France wary of wounded Ireland
A heated exchange on the Croke Park pitch after Saturday's first leg and media reports of a pre-match rift in the France camp have contributed to a strained atmosphere in the build-up to the Stade de France showdown.
Both incidents were played down by a France side aware that Ireland are famous for their fighting spirit and not taking anything for granted.
"All that should not be turned into a polemic," France defender Patrice Evra told reporters. "The return leg will be tense enough without it. We have woken up Ireland's pride."
France midfielder Lassana Diarra was seen squabbling with Richard Dunne and Keith Andrews after full-time and Andrews was later quoted as saying he had been insulted by Diarra.
"It was nothing, it often happens at the end of a match," Diarra told reporters. "I didn't say anything (to Andrews). The Ireland players were frustrated, that's all."
France coach Raymond Domenech, who does not mind a dose of controversy, shrugged off suggestions he had an argument with captain Thierry Henry before Saturday's match, saying the pair just had a normal conversation.
His Ireland counterpart Giovanni Trapattoni will hope his side can keep the aggregate margin to a goal into the second half and bank on them taking whatever late chance may fall their way.
Intent not to dwell on a couple of good first-leg opportunities not taken, the Italian coach chose instead to focus on France's penetrable defence.
"France can concede a goal," Trapattoni told reporters. "They scored 18 in their group matches but they conceded nine and that's enough."
Trapattoni's hopes have been boosted by the news that France's Eric Abidal has pulled out injured, meaning Sebastien Squillaci should be paired with William Gallas in central defence.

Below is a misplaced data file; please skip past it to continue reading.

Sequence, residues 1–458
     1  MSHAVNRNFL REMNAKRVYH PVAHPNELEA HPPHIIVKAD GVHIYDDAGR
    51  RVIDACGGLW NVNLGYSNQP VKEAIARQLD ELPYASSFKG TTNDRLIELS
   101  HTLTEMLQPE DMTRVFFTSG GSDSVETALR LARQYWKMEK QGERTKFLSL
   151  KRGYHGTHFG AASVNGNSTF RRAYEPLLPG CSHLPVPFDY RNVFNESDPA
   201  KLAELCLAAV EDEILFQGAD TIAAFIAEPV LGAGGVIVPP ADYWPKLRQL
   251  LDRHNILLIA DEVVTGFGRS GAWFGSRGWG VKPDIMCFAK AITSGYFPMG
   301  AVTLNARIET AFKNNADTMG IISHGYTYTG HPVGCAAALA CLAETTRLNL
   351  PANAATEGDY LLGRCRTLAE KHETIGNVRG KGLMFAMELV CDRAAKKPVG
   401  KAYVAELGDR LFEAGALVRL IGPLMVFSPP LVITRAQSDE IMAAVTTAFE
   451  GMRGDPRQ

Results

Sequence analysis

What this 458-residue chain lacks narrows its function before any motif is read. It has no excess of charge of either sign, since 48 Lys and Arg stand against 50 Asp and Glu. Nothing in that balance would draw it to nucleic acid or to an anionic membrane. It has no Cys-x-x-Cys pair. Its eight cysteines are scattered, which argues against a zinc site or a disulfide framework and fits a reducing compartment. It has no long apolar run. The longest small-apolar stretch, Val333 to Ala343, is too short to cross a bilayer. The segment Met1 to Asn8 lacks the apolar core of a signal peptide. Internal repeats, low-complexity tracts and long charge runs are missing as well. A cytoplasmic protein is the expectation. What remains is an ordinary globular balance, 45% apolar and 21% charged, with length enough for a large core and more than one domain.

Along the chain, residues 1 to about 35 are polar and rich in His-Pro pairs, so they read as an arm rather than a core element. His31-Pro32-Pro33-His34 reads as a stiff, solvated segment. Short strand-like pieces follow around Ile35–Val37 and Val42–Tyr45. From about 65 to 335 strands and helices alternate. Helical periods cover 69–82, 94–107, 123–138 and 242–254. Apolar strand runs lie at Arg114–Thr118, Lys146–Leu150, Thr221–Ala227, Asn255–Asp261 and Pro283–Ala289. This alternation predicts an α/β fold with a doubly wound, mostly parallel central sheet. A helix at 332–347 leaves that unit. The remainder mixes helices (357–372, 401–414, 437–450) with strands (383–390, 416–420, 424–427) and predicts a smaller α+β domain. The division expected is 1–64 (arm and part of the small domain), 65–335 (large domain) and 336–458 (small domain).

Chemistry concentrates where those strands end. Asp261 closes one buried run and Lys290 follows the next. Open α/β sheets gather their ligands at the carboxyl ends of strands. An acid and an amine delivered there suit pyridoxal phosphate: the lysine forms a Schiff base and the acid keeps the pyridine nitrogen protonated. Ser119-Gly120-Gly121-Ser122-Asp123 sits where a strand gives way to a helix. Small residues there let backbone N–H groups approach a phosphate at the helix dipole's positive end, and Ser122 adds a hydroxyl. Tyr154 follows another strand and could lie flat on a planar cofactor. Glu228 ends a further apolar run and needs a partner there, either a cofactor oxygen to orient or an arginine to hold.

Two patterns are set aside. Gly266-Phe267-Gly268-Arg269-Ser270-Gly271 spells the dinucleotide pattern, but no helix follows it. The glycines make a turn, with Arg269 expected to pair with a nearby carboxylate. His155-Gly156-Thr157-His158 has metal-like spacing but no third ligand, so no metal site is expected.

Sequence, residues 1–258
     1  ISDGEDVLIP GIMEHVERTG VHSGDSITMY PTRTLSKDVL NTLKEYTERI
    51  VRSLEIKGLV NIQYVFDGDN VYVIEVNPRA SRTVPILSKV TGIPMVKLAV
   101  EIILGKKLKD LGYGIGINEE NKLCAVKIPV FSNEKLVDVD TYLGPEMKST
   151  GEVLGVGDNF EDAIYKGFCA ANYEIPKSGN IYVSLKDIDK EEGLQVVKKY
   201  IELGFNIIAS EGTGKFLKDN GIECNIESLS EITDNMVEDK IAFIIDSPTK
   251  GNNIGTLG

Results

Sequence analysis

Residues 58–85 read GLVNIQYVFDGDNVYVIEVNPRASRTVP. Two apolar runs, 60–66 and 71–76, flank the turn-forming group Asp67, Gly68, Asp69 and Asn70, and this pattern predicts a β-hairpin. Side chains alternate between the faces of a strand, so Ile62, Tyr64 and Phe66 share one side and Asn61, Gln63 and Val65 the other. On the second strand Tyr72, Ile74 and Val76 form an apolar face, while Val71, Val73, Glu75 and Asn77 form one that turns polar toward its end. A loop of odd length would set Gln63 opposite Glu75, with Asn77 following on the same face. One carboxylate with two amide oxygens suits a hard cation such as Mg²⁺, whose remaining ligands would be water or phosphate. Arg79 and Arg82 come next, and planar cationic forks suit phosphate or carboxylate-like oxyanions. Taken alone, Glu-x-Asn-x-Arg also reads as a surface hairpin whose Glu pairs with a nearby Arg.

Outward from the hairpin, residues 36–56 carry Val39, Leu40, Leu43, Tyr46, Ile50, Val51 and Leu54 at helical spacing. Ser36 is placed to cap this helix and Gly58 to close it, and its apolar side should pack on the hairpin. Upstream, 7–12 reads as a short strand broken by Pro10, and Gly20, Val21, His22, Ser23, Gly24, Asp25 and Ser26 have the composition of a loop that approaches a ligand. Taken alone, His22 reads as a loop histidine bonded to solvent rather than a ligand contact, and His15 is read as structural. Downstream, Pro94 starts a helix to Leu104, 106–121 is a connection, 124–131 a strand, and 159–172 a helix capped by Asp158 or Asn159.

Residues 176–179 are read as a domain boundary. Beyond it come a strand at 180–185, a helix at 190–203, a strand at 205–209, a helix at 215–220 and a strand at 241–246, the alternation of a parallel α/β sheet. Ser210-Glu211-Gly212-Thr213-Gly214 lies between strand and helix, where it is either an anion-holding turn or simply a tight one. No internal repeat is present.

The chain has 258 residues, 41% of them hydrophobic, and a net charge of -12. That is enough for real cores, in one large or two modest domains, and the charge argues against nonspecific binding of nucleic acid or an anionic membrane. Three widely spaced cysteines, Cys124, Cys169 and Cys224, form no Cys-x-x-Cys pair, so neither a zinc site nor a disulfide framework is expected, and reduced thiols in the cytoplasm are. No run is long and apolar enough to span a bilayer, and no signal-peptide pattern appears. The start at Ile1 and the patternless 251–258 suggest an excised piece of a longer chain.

However, Ireland's away record is not encouraging, having last upset a higher-ranked team in qualification 22 years ago when they beat Scotland 1-0 in Glasgow en route to their first international tournament at the 1988 European Championship.
Despite playing little in the way of attacking football during their unbeaten group campaign this time out, Ireland only failed to score in home and away games with Montenegro, the second of which was a final-day dead rubber.
"We have scored away too," Trapattoni said. "Not as many as them, sure, they have many strikers but it is possible."
The Irish boss wasted little time after Saturday's first leg to confirm that, injury permitting, he favoured starting the same eleven and with a clean bill of health, he looks likely to again name Liam Lawrence ahead of Aiden McGeady on the right wing.
Domenech, too, should pick roughly the same team and will pin many hopes on striker Nicolas Anelka, who scored the winner in the first leg and is determined to go to South Africa next year and play a World Cup for France for the first time.
France: 1-Hugo Lloris; 2-Bacary Sagna, 5-William Gallas, 17-Sebastien Squillaci, 13-Patrice Evra; 6-Lassana Diarra, 18-Alou Diarra; 9-Nicolas Anelka, 8-Yoann Gourcuff, 12-Thierry Henry; 11-Andre-Pierre Gignac.
Ireland: 1-Shay Given; 4-John 0'Shea, 2-Sean St Ledger, 5-Richard Dunne, 3-Kevin Kilbane; 7-Liam Lawrence, 6-Glenn Whelan, 8-Keith Andrews, 11-Damien Duff; 9-Kevin Doyle, 10-Robbie Keane.
Referee: Martin Hansson (Sweden)